Know Why Video Compression On Facebook Make It To Look Bad

Why Does My Video Turn Into Bad Quality Once I Upload It On My Page On Facebook

These days, cameras are really fantastic. The quality is excellent, they are reasonably priced, and most of us carry an Ultra High Definition video camera in our pockets. It's not difficult to make a visually appealing, high-quality film that our friends and family or Facebook followers would like watching.

However, posting your movie to Facebook is not always as simple as you had hoped. On Facebook, the video may seem grainy, pixellated, or fuzzy at times. It's really irritating since you worked so hard to make this video seem great.

Video Compression Makes It Look “Bad”

The first thing you need know is that when you submit a video to any platform, such as Facebook or YouTube, the company has to compress the video to conserve space on their own servers. That is just how the Internet works.

We'll go into compression in more detail later, but there are three key points I want you to consider right now. For a more detailed explanation, please see my YouTube video (above).

#1 It takes Facebook time to process your high-definition videos.

I often hear individuals claim they submitted a 1080 video, but Facebook only allows them to watch it in 720. Give Facebook a few minutes to process the 1080 version of the video. Make a cup of coffee, then return to check if you can see the 1080 version. It shouldn't take long, but the longer your video, the longer this will take.

#2 In the Facebook app, change your mobile upload settings to HD.

If you're going to submit videos from your mobile device, there are certain options inside the applications themselves that you may alter to upload movies and pictures in HD. On my iPhone, we go to the bottom right menu, go all the way down to settings, then account settings, then movies and pictures, and switch on the Upload HD option under video and photo.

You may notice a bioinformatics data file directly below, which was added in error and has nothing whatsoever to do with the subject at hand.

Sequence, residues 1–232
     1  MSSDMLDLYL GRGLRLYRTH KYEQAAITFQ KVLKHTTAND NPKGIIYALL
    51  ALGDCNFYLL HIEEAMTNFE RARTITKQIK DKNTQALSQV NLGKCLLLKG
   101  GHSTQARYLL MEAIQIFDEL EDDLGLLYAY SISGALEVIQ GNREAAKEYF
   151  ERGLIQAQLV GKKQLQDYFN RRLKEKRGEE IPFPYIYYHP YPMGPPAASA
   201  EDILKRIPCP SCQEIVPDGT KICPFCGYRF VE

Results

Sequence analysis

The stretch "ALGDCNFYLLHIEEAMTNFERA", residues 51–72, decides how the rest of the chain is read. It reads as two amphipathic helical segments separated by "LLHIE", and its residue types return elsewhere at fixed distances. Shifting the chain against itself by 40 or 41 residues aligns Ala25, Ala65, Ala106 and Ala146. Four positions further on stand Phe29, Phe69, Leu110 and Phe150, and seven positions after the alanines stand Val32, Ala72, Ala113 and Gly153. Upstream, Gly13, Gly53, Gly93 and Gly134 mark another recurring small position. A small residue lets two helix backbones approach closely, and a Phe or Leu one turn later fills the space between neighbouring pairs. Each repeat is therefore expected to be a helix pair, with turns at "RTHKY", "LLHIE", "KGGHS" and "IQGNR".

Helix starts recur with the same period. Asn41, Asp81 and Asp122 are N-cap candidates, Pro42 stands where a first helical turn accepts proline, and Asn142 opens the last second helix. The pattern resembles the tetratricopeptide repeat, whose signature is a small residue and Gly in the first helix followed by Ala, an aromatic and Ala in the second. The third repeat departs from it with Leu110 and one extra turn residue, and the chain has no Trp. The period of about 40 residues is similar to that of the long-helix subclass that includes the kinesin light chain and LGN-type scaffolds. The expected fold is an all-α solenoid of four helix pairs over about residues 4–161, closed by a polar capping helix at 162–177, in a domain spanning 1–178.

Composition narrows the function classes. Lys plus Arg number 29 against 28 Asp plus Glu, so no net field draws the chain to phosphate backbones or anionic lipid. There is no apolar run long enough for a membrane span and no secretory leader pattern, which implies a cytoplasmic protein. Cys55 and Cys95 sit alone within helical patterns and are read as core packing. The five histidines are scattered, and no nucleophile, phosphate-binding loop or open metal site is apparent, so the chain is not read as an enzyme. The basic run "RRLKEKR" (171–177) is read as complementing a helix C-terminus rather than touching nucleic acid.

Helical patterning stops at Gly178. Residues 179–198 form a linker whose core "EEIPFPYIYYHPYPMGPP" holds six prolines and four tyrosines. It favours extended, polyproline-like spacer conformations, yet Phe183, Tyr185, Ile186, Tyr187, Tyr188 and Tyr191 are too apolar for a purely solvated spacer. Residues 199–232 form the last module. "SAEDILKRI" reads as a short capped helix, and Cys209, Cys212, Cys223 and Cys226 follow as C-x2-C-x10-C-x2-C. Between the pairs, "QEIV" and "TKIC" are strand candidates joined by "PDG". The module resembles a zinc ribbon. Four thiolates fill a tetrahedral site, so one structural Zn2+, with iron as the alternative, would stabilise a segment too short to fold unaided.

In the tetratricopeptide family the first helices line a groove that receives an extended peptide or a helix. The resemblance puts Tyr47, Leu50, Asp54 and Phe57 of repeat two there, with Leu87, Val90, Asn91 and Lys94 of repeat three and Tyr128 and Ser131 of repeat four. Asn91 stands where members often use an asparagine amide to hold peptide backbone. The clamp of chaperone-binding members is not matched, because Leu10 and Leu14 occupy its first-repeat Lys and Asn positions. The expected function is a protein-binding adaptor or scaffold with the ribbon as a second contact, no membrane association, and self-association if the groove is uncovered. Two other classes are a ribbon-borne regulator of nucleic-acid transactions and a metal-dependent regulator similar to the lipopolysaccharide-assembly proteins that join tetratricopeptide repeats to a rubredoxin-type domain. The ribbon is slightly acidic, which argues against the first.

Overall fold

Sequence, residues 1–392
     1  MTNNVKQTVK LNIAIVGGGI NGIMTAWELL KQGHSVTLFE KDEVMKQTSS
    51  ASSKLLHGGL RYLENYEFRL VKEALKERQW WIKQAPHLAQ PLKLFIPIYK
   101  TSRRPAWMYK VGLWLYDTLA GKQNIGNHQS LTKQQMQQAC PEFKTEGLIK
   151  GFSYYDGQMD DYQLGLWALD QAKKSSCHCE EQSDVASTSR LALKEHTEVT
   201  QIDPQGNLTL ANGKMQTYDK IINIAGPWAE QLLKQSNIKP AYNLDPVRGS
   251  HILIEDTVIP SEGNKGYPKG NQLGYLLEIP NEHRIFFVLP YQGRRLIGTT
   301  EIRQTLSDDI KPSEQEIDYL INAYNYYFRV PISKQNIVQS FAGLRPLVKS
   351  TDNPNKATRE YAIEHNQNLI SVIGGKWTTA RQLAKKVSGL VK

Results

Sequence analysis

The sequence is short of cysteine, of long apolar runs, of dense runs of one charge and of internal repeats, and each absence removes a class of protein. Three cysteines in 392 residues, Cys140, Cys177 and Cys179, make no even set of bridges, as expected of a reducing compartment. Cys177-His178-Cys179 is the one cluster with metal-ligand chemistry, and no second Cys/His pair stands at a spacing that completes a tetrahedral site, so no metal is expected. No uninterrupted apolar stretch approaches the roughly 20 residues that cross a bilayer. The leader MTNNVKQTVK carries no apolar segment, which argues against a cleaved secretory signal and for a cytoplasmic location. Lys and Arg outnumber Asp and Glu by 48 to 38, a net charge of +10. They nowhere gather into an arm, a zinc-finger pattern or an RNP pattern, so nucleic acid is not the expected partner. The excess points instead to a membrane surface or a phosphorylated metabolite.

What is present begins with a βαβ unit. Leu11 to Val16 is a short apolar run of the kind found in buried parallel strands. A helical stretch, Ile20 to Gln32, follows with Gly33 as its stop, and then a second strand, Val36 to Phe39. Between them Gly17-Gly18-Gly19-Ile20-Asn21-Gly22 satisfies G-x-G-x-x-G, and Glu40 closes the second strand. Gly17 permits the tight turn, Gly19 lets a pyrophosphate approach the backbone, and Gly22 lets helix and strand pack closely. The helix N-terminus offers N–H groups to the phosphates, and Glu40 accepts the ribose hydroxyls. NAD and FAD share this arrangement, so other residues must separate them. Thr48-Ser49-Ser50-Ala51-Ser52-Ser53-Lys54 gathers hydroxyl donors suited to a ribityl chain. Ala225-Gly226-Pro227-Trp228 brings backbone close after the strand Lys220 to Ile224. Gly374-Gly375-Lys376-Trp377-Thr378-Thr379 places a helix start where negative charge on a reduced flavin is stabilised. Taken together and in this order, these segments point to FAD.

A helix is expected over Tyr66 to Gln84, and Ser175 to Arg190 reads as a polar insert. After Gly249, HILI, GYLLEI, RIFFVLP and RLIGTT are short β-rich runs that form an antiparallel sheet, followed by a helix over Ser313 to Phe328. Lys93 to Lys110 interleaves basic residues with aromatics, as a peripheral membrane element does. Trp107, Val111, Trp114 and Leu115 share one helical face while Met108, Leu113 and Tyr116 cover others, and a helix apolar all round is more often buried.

I can't locate any real upload options for uploading from your desktop. Of course, you already know that Facebook will alter how and where you may access these options. Click here for Facebook's instructions (current as of the time of this writing).

#3 Modify your video watching preferences

Don't forget to double-check your video watching preferences. I have mine configured to always watch movies in HD when they are available. That should cover my whole Facebook account, even while I'm on the go. But, for sure, make sure you're watching movies in HD by adjusting your settings or clicking the tiny gear icon and selecting the highest resolution and HD.

Can you enhance the quality of your Facebook videos when you upload them?

I know you're wondering whether there's anything we can do to enhance the video quality of our Facebook videos. Unfortunately, no suggested upload settings seem to be available in Facebook's support section. I scoured the Facebook help area!

I only discovered Facebook video quality suggestions for videos that will be used as advertisements. They do suggest the following parameters when submitting a Facebook ad:

9:16 to 16:9 video ratio

Maximum video file size is 4GB.

Minimum video length: 1 second

Maximum video length: 240 minutes

Optional but recommended video captions

Optional but preferred video sound

Text length: 125 characters